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Skydive School: Online Ground School

This interactive set of lessons can be used for preparing for any method First Jump Course, as well as a reference for brushing up in reviews while pursuing your USPA A license.  Studying this material at your own pace before your First Jump Course will greatly enhance your understanding and retention. Some schools can choose to use this online ground school as the content for a Reverse Classroom strategy in order to provide an efficient, active-learning experience.

Let's take a closer look at each of these concepts, presented in the order you encounter them during a jump:


United States Parachute Association's intent with Skydive School is to see that new skydivers receive as much correct and useful information as possible. In addition, USPA aims to assist busy instructional rating holders and Drop Zone owners by facilitating existing programs with a consistent, innovative resource versatile enough to support varied methods, equipment choices and landing areas, yet specific enough to provide accurate details. As with any material regardless of media, all information presented in this interface should be accompanied by the oversight of an appropriately rated USPA instructor. 

What is "Skydive School" anyway?

When you are first learning to skydive, the amount of knowledge presented may seem overwhelming. You may feel like you are taking a drink from a firehose. Skydiveschool.org was created with the novice in mind to extend the material in the ISP for students pursuing their USPA A license. These interactive training segments not only contain First Jump Course content, Skydive School also contains lessons supporting the Academics portions of each Category in the ISP. Originating at Skydive Kansas in 2004, this resource was reworked and given to USPA in 2011. It is now in its third iteration here, launched for USPA Safety Day 2020.

So, what's the point!? To learn by having fun! Skydiveschool.org is made possible by the programming of Jen Sharp (whose passion meshes skydiving, education, and the internet), by the vision of Skydive Kansas (whose Online Ground School was the impetus for this project), by the animation of Tony James (who serendipitously fell into this adventure on his first jump course), by the malfunction videos of John "Wink" Winkler's Down To Earth Photography (cool stuff there) and by the support of Jim Crouch (who was Director of Safety & Training at USPA Headquarters and originally spearheaded the project). Thanks and acknowledgement also go to those contributing videos, photos and miscellaneous other pieces: Jay Stokes, Sherry Butcher, Mark Klingelhoefer, Turk Chapman, Rance Sackrider, Heather Nicole Roth, Bill Hubbell, Jeremy Struemph, Paul Visser, Skydive K-State, Luke Aikins, Andy Farrington.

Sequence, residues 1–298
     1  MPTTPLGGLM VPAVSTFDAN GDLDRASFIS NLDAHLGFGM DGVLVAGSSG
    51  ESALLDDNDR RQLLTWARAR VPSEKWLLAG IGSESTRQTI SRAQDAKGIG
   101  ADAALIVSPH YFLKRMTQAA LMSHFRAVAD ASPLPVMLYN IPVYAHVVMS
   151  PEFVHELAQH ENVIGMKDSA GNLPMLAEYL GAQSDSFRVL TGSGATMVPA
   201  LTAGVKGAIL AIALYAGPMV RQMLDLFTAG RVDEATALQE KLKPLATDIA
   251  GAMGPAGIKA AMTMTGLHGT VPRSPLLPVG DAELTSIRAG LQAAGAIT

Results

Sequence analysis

Instructor's Guide ...

Effective USPA Instructors and Coaches are needed at busy drop zones and schools across the U.S. in order to keep our sport not only replenished, but also vibrant and growing. Demands on instructional rating holders’ time are heavy. How can a school utilize their team to its fullest extent, keep the quality of instruction high, minimize potential for instructor burnout, reduce liability, provide consistent curriculum, and capitalize on new student enthusiasm? 

Seems like a tall order? Yet all of that can happen with one solution. Using this Online Ground School is more than just giving your students fingertip access to an efficient resource 24/7. The following hints will help you achieve your goals as a viable, productive Skydiving Training Center.

Reverse or "Flipped" Classroom

A flipped classroom is an instructional strategy and a type of blended learning that reverses the traditional learning environment by delivering instructional content, often online, outside of the classroom. It moves activities, including those that may have traditionally been considered homework, into the classroom.

One way to use this online ground school …

  1. A student makes a tandem as their first jump. In the congratulatory process, their instructor encourages them to use the Online Ground School.
  2. At home on their leisure, this student explores and studies using this interactive tool, gaining an immense knowledge base of the fundamentals in a few short hours.
  3. When ready, the student schedules a personalized, "First Jump Course" at the drop zone. Using this Ground School Review or something similar, USPA Coaches (Instructors for the method-specific Exit & Freefall portion) conduct training sessions with the student, who must answer several pages of questions in segments.  
  4. In this process, students physically practice Emergency Procedures approximately 25 times, learn the dive flow, draw the landing pattern, perform PLFs, and demonstrate all other physical skills.

Now the student is mentally and physically prepared for their first solo jump, by studying at their own pace and providing a large amount of feedback about their knowledge and skill in an individualized, consistent, well-documented program that requires less time and resources from the school’s staff!